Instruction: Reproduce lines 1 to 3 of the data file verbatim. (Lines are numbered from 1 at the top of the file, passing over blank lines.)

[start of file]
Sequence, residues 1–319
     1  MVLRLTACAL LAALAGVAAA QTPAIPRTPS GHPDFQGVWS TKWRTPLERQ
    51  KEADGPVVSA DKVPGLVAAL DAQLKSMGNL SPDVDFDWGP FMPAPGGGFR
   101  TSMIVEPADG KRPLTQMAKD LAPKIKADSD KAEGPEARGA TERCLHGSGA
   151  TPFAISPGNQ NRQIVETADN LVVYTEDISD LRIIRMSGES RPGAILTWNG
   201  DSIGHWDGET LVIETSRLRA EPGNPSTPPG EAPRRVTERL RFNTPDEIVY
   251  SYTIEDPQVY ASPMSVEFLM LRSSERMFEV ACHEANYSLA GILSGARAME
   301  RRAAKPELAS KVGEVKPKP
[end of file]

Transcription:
Sequence, residues 1–319
     1  MVLRLTACAL LAALAGVAAA QTPAIPRTPS GHPDFQGVWS TKWRTPLERQ
    51  KEADGPVVSA DKVPGLVAAL DAQLKSMGNL SPDVDFDWGP FMPAPGGGFR